[John Leventhal:]  “One of the most extraordinary days of my life took us out on Money Road … and beyond.”  This is what happened.”

“We went to Greenwood, then we went to Robert Johnson's grave, on Money Road … Then we drove further down Money Road to Money, Mississippi, where Emmett Till was murdered.  And the grocery store, Bryant's Grocery store, was still standing there – about falling down to the ground. … It was key to where the Civil Rights Movement began, right at that spot. It chills you to your core.   And then we drove right around the corner to the Tallahatchie Bridge. So close you could walk. It was unbelievable. In my mind the Tallahatchie Bridge was enormous, but it's just a little modest bridge over this little Tallahatchie River.  Nobody there. We sat on the bridge for a half an hour and one car went by.” … “We asked each other, ‘What are we going to throw off the bridge?’ So we threw off a guitar pick.”

… that reflective moment on the Tallahatchie Bridge, close to the Emmett Till lynching and forever tied in pop culture to Bobbie Gentry’s 1967 Southern Gothic classic of a hit, “Ode to Billie Joe.” (Avowed fan Cash has worked the song into recent concerts and narrated the 2012 BBC Radio documentary13  , “Whatever Happened to Bobbie Gentry?”)14

“John took my picture with his phone, standing on the bridge. … I wasn’t thinking in metaphors when we chose that photo for the cover. I was standing on the Tallahatchie Bridge, looking out over the Tallahatchie River, and I thought it was so cool that the bridge, which loomed so large in our minds because of “Ode To Billie Joe,” was where I was actually standing.  We mention the bridge in our song “Money Road” and that song came from the day we visited the bridge.”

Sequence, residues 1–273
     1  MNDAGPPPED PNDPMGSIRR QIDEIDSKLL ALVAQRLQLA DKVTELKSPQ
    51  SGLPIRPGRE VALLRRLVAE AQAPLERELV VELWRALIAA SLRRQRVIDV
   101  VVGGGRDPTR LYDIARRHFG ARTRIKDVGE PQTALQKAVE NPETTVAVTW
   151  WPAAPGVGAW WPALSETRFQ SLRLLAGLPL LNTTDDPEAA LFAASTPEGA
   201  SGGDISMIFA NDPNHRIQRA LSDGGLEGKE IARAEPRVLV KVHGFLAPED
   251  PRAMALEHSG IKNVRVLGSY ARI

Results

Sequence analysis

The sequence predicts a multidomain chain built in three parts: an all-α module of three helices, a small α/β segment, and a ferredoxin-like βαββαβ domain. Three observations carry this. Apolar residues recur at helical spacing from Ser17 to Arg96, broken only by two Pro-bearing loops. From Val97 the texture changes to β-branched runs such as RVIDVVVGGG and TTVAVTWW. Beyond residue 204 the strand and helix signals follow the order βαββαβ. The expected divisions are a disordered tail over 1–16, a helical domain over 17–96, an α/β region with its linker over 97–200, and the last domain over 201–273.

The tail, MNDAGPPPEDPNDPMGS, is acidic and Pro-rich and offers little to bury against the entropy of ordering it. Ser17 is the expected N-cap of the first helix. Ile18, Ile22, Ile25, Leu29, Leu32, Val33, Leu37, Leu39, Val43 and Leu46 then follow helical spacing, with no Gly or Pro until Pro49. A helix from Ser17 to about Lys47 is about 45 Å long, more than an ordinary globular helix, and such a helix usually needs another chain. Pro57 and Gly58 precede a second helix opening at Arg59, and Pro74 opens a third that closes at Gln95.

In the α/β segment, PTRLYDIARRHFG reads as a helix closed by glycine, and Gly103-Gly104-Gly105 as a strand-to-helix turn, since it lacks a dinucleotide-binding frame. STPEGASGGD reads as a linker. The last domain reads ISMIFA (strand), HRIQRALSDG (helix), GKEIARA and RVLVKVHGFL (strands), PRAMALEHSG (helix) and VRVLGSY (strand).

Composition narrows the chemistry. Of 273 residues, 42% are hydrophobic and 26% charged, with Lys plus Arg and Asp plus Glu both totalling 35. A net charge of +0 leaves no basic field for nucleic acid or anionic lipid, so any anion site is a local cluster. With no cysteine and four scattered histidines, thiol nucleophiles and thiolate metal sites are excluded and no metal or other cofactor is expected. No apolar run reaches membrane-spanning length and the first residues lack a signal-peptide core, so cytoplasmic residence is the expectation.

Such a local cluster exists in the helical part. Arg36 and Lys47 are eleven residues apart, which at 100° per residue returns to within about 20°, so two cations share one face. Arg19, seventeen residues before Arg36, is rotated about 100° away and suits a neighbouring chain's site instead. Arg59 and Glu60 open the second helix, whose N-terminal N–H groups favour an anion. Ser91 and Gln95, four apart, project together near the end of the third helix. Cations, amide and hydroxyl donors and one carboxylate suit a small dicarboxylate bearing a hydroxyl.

… “we were in a vortex of music, tragedy and revolution.  That kind of thing stays with you forever.  You can leave, but you can’t go away. … we were driving away, and John said, ‘We gotta write a song about Money Road.’  And that ended the record.”

No wonder Cash finds fitting closure on the album with her own ode to “Money Road.” Reflecting on the idea that “what you seek is seeking you,” she sings, channeling at once the ghosts of the Delta and her own past: “You can cross the bridge and carve your name, but the river stays the same. We left but never went away.”15

13:  Rosanne Cash, “Whatever Happened to Bobbie Gentry?” , BBC UK May 12, 2012

14:  William Ellis, “The Long Way Home: Rosanne Cash” (Delta Magazine July 18, 2014)

15:  William Ellis, “The Long Way Home: Rosanne Cash” (Delta Magazine July 18, 2014)

Last year, Tara Murtha published her 33 1/3 book, Ode to Billy Joe, about Bobbie Gentry and her 1967 hit song "Ode to Billie Joe" (  On the title page of my “Out on Money Road”  document, I included a picture of Bobbie Gentry crossing the Money bridge back in 1967 (search Bobbie Gentry, Money) and the following quotes: